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Cablegate: Guidance Request: Dea Wiretap Program

VZCZCXYZ0002
RR RUEHWEB

DE RUEHZP #0905/01 3581659
ZNY SSSSS ZZH
R 241658Z DEC 09
FM AMEMBASSY PANAMA
TO RUEHC/SECSTATE WASHDC 0235
INFO RHEFDIA/DIA WASHINGTON DC
RHEHAAA/NATIONAL SECURITY COUNCIL WASHINGTON DC
RHMFISS/CDR USSOUTHCOM MIAMI FL
RHMFISS/COMDT COGARD WASHINGTON DC
RHMFISS/DEPT OF HOMELAND SECURITY WASHINGTON DC
RHMFISS/JOINT STAFF WASHINGTON DC
RUEABND/DEA HQS WASHINGTON DC
RUEAIIA/CIA WASHINGTON DC
RUEHBO/AMEMBASSY BOGOTA
RUEHGT/AMEMBASSY GUATEMALA
RUEHME/AMEMBASSY MEXICO 0058
RUEHMU/AMEMBASSY MANAGUA
RUEHSJ/AMEMBASSY SAN JOSE
RUEHSN/AMEMBASSY SAN SALVADOR
RUEHTG/AMEMBASSY TEGUCIGALPA 0056
RUEHZP/AMEMBASSY PANAMA
RUEKJCS/SECDEF WASHINGTON DC

S E C R E T PANAMA 000905

NOFORN
SIPDIS
MEXICO AND EL SALVADOR FOR DEA

E.O. 12958: DECL: 2019/12/24
TAGS: PREL PGOV SNAR PINR ASEC KJUS PM
SUBJECT: Guidance Request: DEA Wiretap Program

REF: PANAMA 639; PANAMA 699; PANAMA 777; PANAMA 776; PANAMA 799
PANAMA 877; PANAMA 901

CLASSIFIED BY: David Gilmour, DCM, State, EXEC; REASON: 1.4(B), (D)

1. (U) This is an action request, see para 8.

2. (S//NF) Since July 2009, Embassy Panama has grappled with
President Martinelli's desire to involve the USG in his efforts to
construct a wiretap program that would target his domestic
political opponents. Refs A, B and C document the sequence of
events in which the president and subordinates employed a variety
of tactics ranging from straightforward requests to intimidating
threats, in order to obtain USG assistance and/or political cover
for his wiretap project. Ample additional reporting on this topic
is available in other agency channels.

3. (S//NF) From the time of our very first discussion with the GOP
on this subject in July until now, we have clearly and consistently
told all senior GOP officials that the USG will only conduct
limited law enforcement wiretap programs in cooperation with
Panamanian law enforcement and judicial authorities, directed only
against genuine law enforcement targets, in a process managed by a
Panamanian prosecutor and approved by a Panamanian supreme court
judge.

4. (S//NF) Since our decision in late September (Ref B) to remove
the DEA Matador wiretap program from control of the GOP's Council
for Public Security and National Defense (CSPDN), we have
confronted a series of obstacles, including threats from the CSPDN
director to expel the DEA from Panama (Ref C) and restrict payments
to vetted units (Ref G), and generally weak support for the move
from Martinelli and senior GOP leaders. Martinelli's distrust of
Panama's attorney general (Ref D) has complicated the issue and he
and his subordinates have repeatedly proposed alternative
arrangements that would keep the Matador program within CSPDN, but
would not fully maintain the "firewall" between law enforcement and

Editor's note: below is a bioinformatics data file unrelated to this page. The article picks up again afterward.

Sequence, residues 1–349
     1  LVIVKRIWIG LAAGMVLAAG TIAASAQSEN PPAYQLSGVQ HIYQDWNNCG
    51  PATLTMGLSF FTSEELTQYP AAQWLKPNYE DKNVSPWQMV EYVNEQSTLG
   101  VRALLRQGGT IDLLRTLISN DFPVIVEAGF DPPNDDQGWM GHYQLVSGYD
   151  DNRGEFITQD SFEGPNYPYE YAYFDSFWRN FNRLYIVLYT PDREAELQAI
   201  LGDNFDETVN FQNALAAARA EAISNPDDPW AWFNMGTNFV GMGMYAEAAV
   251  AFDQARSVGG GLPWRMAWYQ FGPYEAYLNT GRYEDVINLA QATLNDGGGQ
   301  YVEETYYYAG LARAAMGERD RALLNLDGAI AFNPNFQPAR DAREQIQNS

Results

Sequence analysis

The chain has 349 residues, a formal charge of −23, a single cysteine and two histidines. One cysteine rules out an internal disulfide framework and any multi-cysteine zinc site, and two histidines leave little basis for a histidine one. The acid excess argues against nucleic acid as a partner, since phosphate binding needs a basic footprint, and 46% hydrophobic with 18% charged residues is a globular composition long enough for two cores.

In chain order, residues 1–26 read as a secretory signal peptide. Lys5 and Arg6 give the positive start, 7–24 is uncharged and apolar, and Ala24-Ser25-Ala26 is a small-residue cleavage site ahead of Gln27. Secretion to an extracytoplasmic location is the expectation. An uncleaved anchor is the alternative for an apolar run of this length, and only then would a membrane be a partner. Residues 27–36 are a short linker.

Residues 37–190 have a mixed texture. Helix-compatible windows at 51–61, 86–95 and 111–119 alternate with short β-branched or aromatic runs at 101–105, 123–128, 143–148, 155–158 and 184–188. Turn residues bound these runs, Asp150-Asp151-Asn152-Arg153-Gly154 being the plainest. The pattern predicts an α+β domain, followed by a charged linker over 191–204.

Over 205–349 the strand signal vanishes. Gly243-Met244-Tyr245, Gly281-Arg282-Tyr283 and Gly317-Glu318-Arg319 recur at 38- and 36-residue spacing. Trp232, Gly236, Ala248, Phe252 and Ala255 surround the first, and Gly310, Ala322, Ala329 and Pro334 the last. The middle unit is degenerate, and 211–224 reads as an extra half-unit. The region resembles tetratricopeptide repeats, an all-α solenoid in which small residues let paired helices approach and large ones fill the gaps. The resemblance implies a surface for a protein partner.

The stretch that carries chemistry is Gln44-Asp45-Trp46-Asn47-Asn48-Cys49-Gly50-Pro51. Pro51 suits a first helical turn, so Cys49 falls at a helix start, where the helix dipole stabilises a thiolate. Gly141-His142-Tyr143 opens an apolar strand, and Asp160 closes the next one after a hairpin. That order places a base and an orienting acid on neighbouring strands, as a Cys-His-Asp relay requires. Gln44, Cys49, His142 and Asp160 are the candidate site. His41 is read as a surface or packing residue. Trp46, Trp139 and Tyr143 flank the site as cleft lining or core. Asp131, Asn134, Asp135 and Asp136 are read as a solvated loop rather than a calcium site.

intelligence activities.

5. (S//NF) We are still hopeful that we can complete the Matador
move out of CSPDN early in the new year, but if we are unable to do
so, we are faced with a difficult decision. If Matador remains in
CSPDN, the GOP will continue its efforts to change procedures to
weaken judicial controls over the program. CSPDN director Olmedo
Alfaro has told Embassy officers that the GOP plans to introduce
legislation that would create a special judge to approve GOP
wiretap targets on short notice. With Panama's notoriously corrupt
judicial system (rated 103 out of 133 by the World Economic Forum),
we are not confident that the new judge will uphold the same
standards and civil liberties protections that the Panama supreme
court has exercised in its oversight of Matador to date.

6. (S//NF) All of this comes at a time when Panama's judicial
institutions are under assault by the executive, with Martinelli's
strong political pressure on the attorney general (Ref D) and the
controversial appointment of two Martinelli political cronies to
the supreme court (septel). For several weeks the Panamanian media

has carried a steady stream of criticism of Martinelli's actions,
and most observers believe that the country's already weak justice
system is suffering serious body blows.

7. (S//NF) The Matador wiretap program is a valuable law
enforcement tool, but we believe that the USG must not compromise
democratic values in the employment of that tool. The United
States itself has recently experienced a difficult debate over
civil liberties and democratic principles being compromised in the
name of security. We should not be a participant in questionable
activities in Panama. The recent DAS scandal in Colombia
illustrates the catastrophic consequences of politically motivated
wiretaps, and such a scenario could easily unfold in Panama if the
GOP continues its present course of action. If we cannot guarantee
with a high level of confidence that the Matador program will not
be misused for political purposes, then we prefer to suspend the
program.

8. (SBU) Post requests Department coordinate with other stakeholder
agencies to provide advice on a way forward. While we at post are
in the strongest position to provide views on the operational
impact of suspending the program, stakeholder agencies in
Washington can best provide the perspective on the legal and policy
factors against which the operational impact should be weighed. We
will be pleased to provide extensive additional background material
and technical details as requested.
STEPHENSON

..

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